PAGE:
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SDN-IP and the SoDIP6 Network
SDN-IP is an application developed to implement routing between SDN and legacy networks. It enables communication over a multi-autonomous system (multi-AS) within the SDN and legacy networks. SDN-IP is implemented over ONOS to integrate SDN and legacy networks in terms of routing and interoperability so that service providers can have a gradual migration by smoothly integrating SDN with the legacy networks.
SoDIP6 network is a complete network and server systems operate with IPv6 addressing and routing over Software-defined network environment, in which the data plane forwarding devices enabled with IPv6 packet communications, are controlled and managed by logically centralized SDN controller
Operability, maintainability, and network addressing issues in the legacy IPv4 networks are being investigated with the emergence of next-generation networking paradigms like software-defined networking (SDN) and Internet Protocol Version 6 (IPv6) . The network addressing and routing issues are being undertaken by IPv6-enabled networking, while the operational complexities of the vertically integrated legacy network can be minimized by the implementation of SDN. IPv6 and the SDN are not backward-compatible, leading to complexities and challenges in the real-time migration of the legacy IPv4 networking system, which is currently operating world-wide. Network migration is inevitable for service providers, though there have been several challenges with migration from the technical, financial, as well as business perspectives . The higher costs of network migration to replace or upgrade network devices, transformations in software systems and related services, along with a lack of skilled human resources to operate and maintain the newer networking systems are becoming the major hurdles of technology migration in service provider networks.
Internet service provider (ISP) networks consist of multiple autonomous systems, and are generally heterogeneous in nature. Hence, multi-domain heterogeneous network migration planning is a challenge. The solution of IPv4 address depletion was devised more than three decades ago in the 1990s with the introduction of IPv6 addressing, also termed as “IP next generation (IPng)” . However, the global IPv6 adoption rate is not satisfactory ; it has just crossed 25% adoption worldwide, while the adoption rate in developing countries is still below 1% . The early stage of IPv6 network migration and the premature stage of SDN migration  in telecommunications (Telcos) and ISP networks indicate that sufficient efforts in the research and development of SDN and IPv6 network migration are needed. IPv6 and SDN are interrelated, because IPv6 deals with routing and addressing in the IP layer, while SDN deals with the controlling of the operations of the networking management layer. IPv6 avoids the IPv4 routing and addressing issues, while SDN avoids the management and controlling issues of legacy networks. These two networking paradigms, which are recognized in the network operation layer, are operated by service providers. Hence, in our previous works, we introduced a joint SDN and IPv6 network as an SDN-enabled IPv6 network called the software-defined IPv6 (SoDIP6) network, with its benefits and challenges for efficient migration planning . Combining the features of IPv6 and SDN creates more robust networks. Those combined features  are more attractive for service providers for the timely migration of their legacy networks. For migration cost reduction with optimization of the capital and operational expenditures (CapEX and OpEX), the joint migration planning of SDN and the IPv6 network is beneficial for service providers .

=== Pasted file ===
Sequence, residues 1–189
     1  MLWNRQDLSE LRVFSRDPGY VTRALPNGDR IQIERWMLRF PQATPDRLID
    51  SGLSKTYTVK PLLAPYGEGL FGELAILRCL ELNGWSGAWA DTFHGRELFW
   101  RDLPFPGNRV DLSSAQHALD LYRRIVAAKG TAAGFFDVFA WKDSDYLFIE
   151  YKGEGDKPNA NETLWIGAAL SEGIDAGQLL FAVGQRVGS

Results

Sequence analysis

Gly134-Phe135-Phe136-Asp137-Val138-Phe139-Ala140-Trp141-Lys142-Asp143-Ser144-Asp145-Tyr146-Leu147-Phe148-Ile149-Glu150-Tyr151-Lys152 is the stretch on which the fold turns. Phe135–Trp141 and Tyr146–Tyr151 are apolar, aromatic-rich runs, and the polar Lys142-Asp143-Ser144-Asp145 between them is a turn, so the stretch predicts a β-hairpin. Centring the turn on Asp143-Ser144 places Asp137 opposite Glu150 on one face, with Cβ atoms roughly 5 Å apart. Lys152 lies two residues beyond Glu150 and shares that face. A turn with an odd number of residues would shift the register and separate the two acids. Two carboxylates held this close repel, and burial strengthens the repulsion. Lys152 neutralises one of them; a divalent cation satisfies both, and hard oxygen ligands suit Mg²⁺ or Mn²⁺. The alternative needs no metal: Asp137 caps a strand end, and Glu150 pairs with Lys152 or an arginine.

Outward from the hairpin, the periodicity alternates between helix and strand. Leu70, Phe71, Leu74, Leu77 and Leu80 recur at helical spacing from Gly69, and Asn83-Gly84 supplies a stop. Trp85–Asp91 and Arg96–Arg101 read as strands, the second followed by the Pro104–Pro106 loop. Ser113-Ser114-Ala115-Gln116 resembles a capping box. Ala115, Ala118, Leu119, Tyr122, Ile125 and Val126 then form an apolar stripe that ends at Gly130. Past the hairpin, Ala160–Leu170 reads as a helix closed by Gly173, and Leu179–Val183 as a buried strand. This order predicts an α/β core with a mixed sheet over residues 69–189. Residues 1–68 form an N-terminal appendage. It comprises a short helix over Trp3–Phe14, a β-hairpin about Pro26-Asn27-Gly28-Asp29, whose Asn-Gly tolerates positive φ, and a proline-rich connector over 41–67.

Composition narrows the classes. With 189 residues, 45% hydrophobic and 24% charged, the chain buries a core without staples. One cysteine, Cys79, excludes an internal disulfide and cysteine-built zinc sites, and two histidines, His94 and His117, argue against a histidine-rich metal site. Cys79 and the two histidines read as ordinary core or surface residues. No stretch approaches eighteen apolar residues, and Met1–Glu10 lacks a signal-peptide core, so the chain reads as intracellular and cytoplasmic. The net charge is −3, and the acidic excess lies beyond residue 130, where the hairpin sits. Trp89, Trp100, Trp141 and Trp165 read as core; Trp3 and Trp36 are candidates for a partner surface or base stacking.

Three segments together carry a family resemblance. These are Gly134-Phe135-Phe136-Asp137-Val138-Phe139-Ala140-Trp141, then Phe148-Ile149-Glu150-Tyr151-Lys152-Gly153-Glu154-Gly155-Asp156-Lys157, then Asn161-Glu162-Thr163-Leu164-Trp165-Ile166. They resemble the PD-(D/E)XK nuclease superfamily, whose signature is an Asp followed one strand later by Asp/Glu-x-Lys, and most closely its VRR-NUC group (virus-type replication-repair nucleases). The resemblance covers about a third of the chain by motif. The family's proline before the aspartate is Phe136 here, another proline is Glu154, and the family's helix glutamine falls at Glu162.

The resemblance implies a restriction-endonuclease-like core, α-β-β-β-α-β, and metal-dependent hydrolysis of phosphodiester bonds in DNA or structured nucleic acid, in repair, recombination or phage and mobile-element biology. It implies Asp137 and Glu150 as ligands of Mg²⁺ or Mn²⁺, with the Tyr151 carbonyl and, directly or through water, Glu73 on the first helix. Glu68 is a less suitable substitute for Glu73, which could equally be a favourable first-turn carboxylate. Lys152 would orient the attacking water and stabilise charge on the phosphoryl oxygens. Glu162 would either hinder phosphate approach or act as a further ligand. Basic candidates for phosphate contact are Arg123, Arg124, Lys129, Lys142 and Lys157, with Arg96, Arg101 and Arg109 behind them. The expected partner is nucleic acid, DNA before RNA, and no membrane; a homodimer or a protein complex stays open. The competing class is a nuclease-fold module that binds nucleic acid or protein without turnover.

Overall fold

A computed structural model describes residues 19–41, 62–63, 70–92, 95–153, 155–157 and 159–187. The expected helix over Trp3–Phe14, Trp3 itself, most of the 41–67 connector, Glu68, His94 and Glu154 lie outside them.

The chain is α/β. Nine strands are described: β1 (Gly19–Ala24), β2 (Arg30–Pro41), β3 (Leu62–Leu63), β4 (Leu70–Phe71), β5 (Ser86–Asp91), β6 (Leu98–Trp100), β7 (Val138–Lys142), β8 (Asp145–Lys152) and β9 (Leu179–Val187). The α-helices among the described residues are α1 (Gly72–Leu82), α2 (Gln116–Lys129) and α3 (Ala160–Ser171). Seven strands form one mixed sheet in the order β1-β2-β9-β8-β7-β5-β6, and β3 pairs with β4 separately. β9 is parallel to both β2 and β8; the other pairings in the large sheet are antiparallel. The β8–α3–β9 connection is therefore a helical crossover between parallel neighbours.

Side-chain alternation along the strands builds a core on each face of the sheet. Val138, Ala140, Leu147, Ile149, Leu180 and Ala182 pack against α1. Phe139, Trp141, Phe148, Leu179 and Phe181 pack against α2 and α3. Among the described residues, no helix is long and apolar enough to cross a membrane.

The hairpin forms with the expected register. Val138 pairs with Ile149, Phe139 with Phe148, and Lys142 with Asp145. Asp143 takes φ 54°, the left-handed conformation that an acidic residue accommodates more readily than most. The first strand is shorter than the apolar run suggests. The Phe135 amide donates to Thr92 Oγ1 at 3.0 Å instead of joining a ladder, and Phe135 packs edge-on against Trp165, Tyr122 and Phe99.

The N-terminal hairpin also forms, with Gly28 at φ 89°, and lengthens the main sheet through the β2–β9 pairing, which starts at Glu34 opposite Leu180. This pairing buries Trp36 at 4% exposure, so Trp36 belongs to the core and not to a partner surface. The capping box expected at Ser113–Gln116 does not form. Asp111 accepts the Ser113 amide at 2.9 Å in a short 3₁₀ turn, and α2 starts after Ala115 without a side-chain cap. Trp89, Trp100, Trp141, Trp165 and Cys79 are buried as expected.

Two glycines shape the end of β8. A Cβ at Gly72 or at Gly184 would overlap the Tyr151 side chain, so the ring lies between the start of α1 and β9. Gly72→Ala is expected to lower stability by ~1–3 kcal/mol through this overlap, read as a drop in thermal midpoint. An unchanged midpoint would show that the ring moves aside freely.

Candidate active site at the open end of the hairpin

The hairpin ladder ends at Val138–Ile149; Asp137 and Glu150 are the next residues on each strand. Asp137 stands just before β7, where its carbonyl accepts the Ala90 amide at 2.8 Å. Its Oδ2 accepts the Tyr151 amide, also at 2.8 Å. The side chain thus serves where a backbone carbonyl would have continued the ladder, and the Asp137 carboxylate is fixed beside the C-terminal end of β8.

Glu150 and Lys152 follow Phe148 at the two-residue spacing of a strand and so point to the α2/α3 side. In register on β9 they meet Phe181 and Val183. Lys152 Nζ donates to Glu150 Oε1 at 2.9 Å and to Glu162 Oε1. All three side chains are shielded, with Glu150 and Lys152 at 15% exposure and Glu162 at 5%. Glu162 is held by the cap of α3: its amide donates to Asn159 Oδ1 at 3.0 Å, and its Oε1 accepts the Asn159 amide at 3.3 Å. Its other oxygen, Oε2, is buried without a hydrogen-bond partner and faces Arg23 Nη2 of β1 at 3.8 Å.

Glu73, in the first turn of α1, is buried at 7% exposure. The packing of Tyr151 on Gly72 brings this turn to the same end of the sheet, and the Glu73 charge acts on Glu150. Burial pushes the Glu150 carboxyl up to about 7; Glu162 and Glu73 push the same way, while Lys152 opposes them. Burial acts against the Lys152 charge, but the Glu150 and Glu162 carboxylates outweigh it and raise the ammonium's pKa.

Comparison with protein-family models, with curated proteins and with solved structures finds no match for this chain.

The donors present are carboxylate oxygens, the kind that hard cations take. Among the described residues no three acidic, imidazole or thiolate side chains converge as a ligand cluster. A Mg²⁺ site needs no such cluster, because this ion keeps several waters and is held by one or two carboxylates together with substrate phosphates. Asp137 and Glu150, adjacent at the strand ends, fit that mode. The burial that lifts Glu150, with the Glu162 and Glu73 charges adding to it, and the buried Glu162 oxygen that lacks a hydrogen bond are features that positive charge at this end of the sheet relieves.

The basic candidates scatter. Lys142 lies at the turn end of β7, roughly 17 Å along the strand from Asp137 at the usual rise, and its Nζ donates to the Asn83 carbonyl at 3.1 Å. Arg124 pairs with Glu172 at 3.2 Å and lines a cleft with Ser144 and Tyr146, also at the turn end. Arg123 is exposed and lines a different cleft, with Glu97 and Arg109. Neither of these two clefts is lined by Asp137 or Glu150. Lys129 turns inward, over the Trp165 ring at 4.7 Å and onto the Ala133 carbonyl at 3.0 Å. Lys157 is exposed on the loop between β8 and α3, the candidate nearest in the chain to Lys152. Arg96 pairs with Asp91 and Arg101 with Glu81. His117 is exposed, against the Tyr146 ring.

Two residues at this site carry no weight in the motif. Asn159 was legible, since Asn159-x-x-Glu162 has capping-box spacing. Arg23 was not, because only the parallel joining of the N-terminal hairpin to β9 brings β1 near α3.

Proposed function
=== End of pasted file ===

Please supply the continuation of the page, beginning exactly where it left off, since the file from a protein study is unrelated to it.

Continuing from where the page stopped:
Well-defined migration methods, progressive migration scenarios, sufficient applications, and protocol standards are supportive for ISPs to take decisions for IPv6 migration, but there is still a lack of standards and applications towards bringing SDN implementation in ISP networks close to reality. However different transition techniques have been defined; dual-stack IPv6 and hybrid SDN approach  are the more appropriate solutions for smooth and gradual transition to IPv6 and SDN. The evaluation of production standards under Hybrid SDN require deep investigation.